Microsoft Security Response Center
6 Jun 2012
Today, as a part of our continuing phased mitigation strategy recently discussed, we have initiated the additional hardening of Windows Update. We’ve also provided more information about the MD5 hash-collision attacks used by the Flame malware in the SRD blog. This information should help answer questions from customers about the nature of these collision attacks. We continue to encourage all customers who are not installing updates automatically to do so immediately.
Security Research & Defense
6 Jun 2012
Flame malware collision attack explained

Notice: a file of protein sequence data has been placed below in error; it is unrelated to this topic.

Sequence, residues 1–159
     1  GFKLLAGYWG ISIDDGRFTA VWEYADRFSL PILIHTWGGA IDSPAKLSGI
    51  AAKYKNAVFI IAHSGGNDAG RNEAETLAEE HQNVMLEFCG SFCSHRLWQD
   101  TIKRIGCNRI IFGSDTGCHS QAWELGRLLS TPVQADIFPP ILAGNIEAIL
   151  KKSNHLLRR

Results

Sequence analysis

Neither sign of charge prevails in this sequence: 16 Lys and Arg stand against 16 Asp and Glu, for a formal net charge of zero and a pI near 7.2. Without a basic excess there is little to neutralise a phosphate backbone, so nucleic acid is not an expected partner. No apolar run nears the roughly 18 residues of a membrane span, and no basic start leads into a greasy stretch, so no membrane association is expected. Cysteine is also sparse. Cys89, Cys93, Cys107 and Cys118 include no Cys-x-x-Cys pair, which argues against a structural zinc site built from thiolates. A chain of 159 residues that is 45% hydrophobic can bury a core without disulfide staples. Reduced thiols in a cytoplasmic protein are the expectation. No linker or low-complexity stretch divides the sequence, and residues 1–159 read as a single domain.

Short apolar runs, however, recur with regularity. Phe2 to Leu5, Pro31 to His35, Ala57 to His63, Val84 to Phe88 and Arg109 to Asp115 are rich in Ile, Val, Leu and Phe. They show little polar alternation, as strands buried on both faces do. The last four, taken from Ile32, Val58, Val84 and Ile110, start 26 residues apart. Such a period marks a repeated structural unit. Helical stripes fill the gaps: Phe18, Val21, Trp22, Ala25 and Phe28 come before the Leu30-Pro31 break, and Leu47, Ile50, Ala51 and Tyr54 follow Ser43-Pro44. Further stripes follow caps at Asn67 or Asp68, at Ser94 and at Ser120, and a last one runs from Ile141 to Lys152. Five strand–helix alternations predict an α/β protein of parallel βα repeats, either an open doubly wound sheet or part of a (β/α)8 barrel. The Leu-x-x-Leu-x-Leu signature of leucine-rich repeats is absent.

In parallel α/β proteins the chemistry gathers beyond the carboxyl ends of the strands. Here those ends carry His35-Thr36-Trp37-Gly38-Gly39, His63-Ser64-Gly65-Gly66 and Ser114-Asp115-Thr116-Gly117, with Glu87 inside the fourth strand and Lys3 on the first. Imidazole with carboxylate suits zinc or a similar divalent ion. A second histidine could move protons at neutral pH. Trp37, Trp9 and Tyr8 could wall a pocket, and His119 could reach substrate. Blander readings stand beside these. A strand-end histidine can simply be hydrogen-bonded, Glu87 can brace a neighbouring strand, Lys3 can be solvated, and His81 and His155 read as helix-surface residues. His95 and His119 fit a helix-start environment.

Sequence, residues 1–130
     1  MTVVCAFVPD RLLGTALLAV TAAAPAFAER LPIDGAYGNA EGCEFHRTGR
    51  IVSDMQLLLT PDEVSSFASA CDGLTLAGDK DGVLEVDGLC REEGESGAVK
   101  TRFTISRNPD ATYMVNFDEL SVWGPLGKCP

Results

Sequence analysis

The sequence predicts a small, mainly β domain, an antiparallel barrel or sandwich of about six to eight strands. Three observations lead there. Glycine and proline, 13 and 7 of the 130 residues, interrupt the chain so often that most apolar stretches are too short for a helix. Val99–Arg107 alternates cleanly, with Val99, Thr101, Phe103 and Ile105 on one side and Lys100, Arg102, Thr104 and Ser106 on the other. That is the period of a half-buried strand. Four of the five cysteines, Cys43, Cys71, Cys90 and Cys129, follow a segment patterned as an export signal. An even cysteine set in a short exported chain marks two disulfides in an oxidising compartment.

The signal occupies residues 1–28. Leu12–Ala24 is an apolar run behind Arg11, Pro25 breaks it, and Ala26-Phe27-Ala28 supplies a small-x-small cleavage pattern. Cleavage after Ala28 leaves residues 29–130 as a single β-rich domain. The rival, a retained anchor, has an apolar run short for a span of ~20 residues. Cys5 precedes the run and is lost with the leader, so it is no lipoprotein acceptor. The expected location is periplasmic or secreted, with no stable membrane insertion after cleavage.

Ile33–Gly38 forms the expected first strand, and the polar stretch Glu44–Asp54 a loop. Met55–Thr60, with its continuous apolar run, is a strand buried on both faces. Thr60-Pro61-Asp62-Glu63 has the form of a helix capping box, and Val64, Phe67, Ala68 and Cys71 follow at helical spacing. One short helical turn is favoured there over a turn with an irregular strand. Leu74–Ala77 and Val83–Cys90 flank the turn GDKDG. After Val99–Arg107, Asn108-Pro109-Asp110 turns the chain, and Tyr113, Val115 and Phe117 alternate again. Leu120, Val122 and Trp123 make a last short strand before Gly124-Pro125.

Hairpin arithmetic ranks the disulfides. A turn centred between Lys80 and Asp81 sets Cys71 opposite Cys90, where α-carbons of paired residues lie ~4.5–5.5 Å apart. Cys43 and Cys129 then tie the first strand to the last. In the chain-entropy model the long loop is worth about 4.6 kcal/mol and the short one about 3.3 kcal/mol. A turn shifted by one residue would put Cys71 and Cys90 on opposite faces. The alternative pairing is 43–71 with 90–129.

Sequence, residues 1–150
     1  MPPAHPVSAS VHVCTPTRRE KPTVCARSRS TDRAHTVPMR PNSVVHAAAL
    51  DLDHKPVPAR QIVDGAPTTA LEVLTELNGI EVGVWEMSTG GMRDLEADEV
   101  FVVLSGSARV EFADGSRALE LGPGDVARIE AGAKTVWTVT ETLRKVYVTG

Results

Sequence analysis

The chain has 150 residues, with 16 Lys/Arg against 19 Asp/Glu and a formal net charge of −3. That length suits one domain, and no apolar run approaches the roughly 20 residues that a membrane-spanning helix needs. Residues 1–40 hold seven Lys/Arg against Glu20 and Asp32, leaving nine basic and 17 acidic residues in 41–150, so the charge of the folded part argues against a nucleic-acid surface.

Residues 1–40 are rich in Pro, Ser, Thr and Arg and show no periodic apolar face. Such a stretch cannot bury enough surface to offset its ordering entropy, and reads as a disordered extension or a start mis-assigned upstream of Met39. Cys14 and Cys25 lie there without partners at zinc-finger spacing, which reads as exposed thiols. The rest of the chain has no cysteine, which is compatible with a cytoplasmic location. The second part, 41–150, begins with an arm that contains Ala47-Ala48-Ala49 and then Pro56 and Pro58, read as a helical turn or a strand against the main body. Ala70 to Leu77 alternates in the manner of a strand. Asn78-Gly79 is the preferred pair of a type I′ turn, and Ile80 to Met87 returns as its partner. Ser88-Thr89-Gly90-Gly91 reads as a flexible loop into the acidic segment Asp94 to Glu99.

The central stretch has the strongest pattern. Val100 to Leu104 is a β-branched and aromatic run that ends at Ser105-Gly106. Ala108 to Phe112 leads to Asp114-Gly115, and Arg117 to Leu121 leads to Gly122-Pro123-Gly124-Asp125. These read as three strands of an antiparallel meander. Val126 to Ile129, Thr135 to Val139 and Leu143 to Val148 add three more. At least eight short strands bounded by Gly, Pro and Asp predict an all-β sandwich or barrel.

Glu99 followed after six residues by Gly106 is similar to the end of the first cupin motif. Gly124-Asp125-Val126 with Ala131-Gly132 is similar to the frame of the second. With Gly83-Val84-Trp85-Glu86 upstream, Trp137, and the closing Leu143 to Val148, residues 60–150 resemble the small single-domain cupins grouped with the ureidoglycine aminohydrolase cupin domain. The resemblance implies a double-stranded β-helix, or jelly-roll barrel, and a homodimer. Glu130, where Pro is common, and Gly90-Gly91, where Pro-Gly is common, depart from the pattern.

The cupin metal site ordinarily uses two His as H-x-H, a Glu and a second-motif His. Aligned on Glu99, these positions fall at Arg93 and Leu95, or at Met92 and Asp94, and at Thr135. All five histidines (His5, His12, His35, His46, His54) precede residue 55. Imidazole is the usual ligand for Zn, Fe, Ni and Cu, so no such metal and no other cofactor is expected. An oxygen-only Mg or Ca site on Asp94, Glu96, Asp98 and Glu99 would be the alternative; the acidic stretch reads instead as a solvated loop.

Since our last MSRC blog post, we’ve received questions on the nature of the cryptographic attack we saw in the complex, targeted malware known as Flame. This blog summarizes what our research revealed and why we made the decision to release Security Advisory 2718704 on Sunday night PDT. In short, by default the attacker’s certificate would not work on Windows Vista or more recent versions of Windows. They had to perform a collision attack to forge a certificate that would be valid for code signing on Windows Vista or more recent versions of Windows. On systems that pre-date Windows Vista, an attack is possible without an MD5 hash collision. This certificate and all certificates from the involved certificate authorities were invalidated in Security Advisory 2718704. We continue to encourage all customers who are not installing updates automatically to do so immediately.